Chocowinity emergency personnel train for catastrophic event
Published 5:33 pm Tuesday, February 9, 2016
CHOCOWINITY — A train wreck Monday evening in Chocowinity had emergency medical personnel and fire fighters planning the best way to handle such a catastrophic situation.
Fortunately, this emergency happened only on paper and was a training exercise devised by Capt. Shane Grier of Chocowinity EMS and Chocowinity Fire Chief Tommy Pendley.
Monday’s event was open to fire and rescue personnel throughout Beaufort County.
“This is a good way for us to practice for major events such as large fires, hurricanes, flooding … any type of mass casualty event,” Grier said.
And while this week’s training exercise was fictional, it was based on a real life train wreck that Grier worked in western North Carolina in the 1990s. The training scenario involved 16 train cars derailed upon collision, with two of them chlorine tank cars that leaked in a small town much like Chocowinity. In the scenario, the local fire department, sheriff’s office and highway patrol answered the call for assistance, while area citizens and emergency personnel were treated for injuries.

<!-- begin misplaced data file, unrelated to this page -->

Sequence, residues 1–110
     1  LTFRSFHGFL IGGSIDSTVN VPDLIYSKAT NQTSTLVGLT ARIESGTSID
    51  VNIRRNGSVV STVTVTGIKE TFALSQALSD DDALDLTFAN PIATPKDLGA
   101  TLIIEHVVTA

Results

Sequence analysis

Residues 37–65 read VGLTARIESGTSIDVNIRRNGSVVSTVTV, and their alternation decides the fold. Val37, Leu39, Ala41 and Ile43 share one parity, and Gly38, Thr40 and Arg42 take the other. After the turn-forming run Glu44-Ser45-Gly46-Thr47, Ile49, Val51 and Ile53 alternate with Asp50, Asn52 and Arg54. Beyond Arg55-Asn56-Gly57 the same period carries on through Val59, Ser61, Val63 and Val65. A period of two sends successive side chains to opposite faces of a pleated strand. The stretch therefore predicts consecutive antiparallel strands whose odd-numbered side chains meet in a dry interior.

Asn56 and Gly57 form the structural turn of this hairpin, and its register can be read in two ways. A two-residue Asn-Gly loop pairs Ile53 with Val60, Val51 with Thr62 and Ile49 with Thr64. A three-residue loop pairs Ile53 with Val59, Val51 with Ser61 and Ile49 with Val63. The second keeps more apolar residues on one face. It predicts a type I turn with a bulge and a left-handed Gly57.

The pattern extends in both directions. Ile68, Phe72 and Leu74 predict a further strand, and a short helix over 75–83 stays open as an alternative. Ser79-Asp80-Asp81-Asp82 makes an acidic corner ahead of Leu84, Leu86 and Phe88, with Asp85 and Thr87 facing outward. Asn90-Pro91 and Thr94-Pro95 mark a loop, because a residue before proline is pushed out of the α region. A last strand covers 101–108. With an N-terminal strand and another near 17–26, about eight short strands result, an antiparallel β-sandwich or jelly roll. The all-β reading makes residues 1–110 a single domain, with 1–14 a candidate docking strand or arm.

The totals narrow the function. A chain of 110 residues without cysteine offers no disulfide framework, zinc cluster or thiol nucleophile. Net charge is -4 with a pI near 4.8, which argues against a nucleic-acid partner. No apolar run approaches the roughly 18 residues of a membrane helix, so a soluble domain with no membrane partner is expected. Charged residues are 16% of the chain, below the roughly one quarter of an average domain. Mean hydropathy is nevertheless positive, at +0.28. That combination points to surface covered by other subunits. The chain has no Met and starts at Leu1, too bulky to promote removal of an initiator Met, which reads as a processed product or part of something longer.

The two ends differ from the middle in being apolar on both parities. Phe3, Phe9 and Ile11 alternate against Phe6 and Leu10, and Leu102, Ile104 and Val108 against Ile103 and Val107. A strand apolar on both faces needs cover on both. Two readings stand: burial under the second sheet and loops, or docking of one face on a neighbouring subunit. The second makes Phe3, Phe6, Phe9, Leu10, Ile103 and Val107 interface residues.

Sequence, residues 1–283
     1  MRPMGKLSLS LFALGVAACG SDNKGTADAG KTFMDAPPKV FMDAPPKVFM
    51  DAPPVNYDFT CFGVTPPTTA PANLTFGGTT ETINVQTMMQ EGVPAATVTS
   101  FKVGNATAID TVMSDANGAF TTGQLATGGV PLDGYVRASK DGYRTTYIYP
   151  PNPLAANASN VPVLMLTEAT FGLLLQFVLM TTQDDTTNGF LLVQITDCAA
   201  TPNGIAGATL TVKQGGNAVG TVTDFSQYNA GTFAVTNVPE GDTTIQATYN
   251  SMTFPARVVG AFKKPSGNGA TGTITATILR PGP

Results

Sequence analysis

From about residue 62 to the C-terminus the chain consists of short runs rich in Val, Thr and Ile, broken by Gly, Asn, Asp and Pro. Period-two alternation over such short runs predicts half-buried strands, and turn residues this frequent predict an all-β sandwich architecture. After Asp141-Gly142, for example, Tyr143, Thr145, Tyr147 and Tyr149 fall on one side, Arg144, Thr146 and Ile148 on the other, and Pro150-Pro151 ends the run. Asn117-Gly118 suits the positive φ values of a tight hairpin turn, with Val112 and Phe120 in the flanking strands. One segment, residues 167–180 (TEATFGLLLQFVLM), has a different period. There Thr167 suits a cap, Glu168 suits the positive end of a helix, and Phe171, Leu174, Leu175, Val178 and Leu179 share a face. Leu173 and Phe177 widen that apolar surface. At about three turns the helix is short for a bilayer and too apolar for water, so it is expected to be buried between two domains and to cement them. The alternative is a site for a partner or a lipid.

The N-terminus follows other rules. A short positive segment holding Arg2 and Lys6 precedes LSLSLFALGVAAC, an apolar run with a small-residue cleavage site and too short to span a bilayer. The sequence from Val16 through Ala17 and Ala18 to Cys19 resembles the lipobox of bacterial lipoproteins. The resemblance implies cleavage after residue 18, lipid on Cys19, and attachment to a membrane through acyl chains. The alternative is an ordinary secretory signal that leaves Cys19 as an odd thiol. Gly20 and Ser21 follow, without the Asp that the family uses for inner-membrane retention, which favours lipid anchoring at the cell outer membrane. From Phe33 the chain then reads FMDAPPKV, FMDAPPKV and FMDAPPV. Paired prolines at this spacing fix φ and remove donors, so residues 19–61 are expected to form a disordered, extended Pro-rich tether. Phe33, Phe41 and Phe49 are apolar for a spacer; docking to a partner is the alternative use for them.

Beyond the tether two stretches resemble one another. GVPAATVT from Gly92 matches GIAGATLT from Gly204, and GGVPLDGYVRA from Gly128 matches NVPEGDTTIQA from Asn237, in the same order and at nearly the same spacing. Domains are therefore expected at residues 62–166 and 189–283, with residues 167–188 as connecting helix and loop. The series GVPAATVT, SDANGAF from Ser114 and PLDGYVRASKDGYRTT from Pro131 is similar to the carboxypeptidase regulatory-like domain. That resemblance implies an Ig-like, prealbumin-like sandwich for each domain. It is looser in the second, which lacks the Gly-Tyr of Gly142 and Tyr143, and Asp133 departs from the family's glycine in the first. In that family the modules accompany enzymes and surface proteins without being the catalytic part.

The nearly identical actual catastrophe that Grier worked ended up costing around 13 million dollars, he said.
And while local emergency responders hope that they won’t be called upon to handle an emergency of that magnitude, they want to be well trained and prepared if the need arises.
“Tonight’s exercise provides continuing education credits through Beaufort County Community College,” Grier noted. “It’s mandated by the State of North Carolina and the federal government.”
It was a warm up to additional training on a much larger scale planned for Feb. 19-21, according to Grier.
“This was really a precursor to that event,” he said. “That will be a hands-on, live simulation that begins that Friday at 6 p.m. and runs until Sunday at 6 p.m. It’s going to be a multi-agency, multi-county response.”
The event will be staged on the north side of Pamlico River in an area that includes part of Goose Creek State Park.
The scenario next week calls for a group to be placed in the woods, lost and with possible injuries or even death, Grier added.
Grier advised those taking part in that particular training exercise to prepare for sub-freezing temperatures, stressing the necessity of warm clothing and some type of shelter.
“We won’t let anybody go out in the woods without a tarp and some quick-drying clothing,” Grier said.